Nigel Donnelly

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‘YOU'RE GOING TO Louisville? What for? You won’t learn anything over there’

This was a common reaction when I explained to people that I was heading to the RVIA National RV Trade Show in Louisville, Kentucky.

‘YOU'RE GOING TO Louisville? What for? You won’t learn anything over there’

This was a common reaction when I explained to people that I was heading to the RVIA National RV Trade Show in Louisville, Kentucky.

RVIA stands for the Recreational Vehicle Industry Association and its trade-only event is used by American RV dealers to choose which motorhomes and travel trailers (caravans to you and I) to stock for the coming season. And if, like me, you wanted a crash course in the US leisure market, it is a great place to start.
 

Avenger ATIRVIA Trade show in Louisville, Kentucky is a fixture in the US trade calender

 

Thing is that European manufacturers are, on the quiet, pretty sniffy about US-built leisure vehicles. Generally, the trailers are thought to be heavy, badly built, old fashioned and crudely engineered. They are, however, well-equipped and affordable. Parking the preconceptions of everyone else to one side, I took a wander into the Kentucky EXPO Center to form my own opinions. 

Different rules

The basic American recipe for building a travel trailer has lots in common with what European builders were doing twenty years ago. Rather than composite floors and walls, a lot of the cheaper US-built kit has a wooden framework which is clad on the outside with loose-laid aluminium, and skinned with pre-finished wallboard inside. The cavity between the panels is filled with loose fibreglass insulation of a type than you might use in the loft of your house.
 
In terms of equipment, there isn’t much you won’t find in an American-built trailer. Hobs, grills and ovens are pretty standard, but so are wind-out awnings, air-conditioning, water and waste tanks and all manner of other little things that aren’t even available as extras in a UK tourer. Yet in terms of price, US travel trailers look a lot of value.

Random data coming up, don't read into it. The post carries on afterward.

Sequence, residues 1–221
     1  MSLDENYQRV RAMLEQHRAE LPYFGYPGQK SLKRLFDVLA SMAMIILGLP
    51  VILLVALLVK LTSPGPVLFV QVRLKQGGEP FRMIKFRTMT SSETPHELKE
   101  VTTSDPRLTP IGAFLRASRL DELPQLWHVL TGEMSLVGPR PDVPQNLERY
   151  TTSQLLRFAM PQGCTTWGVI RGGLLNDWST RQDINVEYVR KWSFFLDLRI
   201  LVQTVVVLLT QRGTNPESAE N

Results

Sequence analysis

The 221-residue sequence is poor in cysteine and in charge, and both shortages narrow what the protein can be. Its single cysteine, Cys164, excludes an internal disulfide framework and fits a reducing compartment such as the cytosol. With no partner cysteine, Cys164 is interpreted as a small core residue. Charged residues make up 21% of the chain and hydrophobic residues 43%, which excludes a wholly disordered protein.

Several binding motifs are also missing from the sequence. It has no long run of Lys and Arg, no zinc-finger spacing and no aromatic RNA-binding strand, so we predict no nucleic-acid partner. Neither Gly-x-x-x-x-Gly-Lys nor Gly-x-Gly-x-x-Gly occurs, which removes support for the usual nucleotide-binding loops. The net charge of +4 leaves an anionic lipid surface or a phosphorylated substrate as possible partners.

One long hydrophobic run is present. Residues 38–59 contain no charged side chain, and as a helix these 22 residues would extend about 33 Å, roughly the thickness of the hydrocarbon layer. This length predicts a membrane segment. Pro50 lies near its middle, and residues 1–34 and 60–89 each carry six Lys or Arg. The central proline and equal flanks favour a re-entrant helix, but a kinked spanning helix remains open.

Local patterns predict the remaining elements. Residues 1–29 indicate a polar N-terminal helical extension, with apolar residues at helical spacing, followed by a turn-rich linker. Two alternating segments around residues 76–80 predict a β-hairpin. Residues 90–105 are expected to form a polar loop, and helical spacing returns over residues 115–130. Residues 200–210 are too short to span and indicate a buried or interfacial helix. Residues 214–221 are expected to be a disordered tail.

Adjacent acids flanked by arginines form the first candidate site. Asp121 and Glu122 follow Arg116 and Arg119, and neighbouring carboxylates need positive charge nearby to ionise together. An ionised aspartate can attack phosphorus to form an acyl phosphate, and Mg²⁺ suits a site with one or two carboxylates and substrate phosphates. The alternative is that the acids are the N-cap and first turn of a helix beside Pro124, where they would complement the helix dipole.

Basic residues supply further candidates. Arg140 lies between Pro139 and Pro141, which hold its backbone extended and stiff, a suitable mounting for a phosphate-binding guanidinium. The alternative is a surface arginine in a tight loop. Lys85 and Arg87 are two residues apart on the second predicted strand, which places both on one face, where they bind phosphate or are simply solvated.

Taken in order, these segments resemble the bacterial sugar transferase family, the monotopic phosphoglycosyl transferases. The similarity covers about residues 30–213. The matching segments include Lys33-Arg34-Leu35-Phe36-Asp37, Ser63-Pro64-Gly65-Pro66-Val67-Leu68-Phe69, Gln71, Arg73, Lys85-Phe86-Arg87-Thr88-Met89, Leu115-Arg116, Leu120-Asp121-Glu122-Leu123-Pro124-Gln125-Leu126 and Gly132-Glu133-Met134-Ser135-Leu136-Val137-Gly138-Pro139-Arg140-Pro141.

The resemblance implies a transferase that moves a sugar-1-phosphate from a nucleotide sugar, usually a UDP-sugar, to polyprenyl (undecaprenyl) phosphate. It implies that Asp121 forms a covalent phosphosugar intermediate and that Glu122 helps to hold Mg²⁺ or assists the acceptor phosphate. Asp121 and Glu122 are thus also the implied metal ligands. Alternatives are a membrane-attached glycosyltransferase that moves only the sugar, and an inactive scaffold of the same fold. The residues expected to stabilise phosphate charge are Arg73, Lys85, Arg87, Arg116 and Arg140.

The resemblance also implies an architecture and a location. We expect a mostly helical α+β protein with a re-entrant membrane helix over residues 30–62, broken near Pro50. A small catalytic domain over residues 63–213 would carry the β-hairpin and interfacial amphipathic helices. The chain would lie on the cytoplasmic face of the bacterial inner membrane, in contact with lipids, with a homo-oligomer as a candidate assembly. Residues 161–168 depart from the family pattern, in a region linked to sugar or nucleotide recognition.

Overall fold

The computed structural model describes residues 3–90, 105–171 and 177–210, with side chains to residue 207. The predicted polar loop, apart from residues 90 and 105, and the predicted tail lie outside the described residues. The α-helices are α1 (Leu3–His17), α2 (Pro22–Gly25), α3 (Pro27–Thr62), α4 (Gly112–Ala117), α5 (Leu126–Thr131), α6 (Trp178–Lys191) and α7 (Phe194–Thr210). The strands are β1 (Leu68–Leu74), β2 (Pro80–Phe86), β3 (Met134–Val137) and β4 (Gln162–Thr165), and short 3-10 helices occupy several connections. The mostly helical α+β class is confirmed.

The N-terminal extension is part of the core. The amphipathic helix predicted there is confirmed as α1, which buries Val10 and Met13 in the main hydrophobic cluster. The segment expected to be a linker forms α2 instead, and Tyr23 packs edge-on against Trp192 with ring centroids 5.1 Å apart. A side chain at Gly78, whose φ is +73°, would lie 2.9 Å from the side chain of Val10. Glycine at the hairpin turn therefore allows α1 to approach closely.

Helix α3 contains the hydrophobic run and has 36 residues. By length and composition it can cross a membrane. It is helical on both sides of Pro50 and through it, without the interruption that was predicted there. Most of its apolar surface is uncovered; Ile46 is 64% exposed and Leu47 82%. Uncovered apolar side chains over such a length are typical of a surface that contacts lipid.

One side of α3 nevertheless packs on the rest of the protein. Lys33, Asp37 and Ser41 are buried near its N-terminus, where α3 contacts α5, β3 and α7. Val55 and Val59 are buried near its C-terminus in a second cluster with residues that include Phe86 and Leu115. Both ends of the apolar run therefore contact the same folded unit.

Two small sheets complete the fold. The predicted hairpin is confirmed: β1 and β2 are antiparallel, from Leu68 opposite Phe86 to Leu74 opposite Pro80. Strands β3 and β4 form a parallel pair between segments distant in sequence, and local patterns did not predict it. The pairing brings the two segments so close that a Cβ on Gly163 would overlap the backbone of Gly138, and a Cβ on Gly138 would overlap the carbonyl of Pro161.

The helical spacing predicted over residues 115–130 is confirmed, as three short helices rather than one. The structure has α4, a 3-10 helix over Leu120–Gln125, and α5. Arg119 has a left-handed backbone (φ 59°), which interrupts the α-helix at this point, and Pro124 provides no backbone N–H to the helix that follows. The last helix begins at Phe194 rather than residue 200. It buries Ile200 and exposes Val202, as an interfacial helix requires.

Let's take as an example, the Avenger ATI 14RB from Prime Time RV. This has a trade price of $6995, which would likely become a retail price of somewhere closer to $8500. That equates to £5292.45. Approximately. In terms of kit, it has pretty much everything you would get in a mid-range UK tourer. Plus air-con and an awning. The maximum weight is 3000lbs which is around 1340kg, which puts it, superficially, within reach of a Ford Mondeo class towcar.

Avenger ATI

 Like most US trailers, Avenger ATI (Anything tows it) is well equipped

 

 

Cutting corners?

The ways in which prices are kept so keen are manifold. Labour rates and transport costs in the USA are far lower than the UK, so that obviously helps. But that’s not everything. The chassis is built as a traditional ladder frame and the floor is a single sheet of moisture resistant plywood. An off-the-shelf suspension and braking set-up bolts to the factory-built chassis and all braking operations are electric rather than using a mechanical overrun system. This means the chassis and running gear lack the sophistication of something like the lightweight Al-Ko units we are used to, but they are cheap and flexible.

Building in this way, virtually all of the caravan body is above the wheels, so the body is essentially a box with little in the way of wheelbox intrusion to cater for. The whole trailer unit simply sits far higher off the ground than a European unit. Factor in that much of the build is done by hand, rather than by using expensive – if efficient – machinery, and it is clear that cost savings can soon mount up. Particularly if labour is cheap.

Know your limitations

Before we all go rushing off to look for an American trailer though, they are not without their downsides. Plainly, the looks are a bit challenging for European tastes and interiors are distinctly dated compared to a UK tourer. Single-glazing predominates too.

Also, the standard water and space heating systems are not very fuel efficient, burning up to three-times the amount that a basic European blown air system might to achieve a similar result. Having the wheels so far back means the ‘tongue weight’ (read ‘noseweight' in Europe) will be on the high side too and stability will suffer due to the high centre of gravity.
 
All of which got me thinking. If expensive composite walls, floors and sophisticated electrical systems were ditched in favour of simpler kit, prices of entry level tourers could drop significantly. The resulting ‘vans would only be suitable for three-season use and would not be for everyone, but I’d say a look across the pond might help us learn a thing or two after all.

 

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